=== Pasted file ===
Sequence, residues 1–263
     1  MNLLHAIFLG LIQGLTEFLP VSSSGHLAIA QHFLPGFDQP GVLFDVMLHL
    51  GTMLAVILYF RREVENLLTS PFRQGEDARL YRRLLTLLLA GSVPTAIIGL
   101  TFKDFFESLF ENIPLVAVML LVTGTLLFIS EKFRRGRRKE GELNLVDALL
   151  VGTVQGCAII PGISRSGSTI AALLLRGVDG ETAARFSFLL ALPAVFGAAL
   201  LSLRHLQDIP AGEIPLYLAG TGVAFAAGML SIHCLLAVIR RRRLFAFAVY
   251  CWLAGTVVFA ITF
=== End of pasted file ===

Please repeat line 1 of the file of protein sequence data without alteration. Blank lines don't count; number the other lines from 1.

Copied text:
Sequence, residues 1–263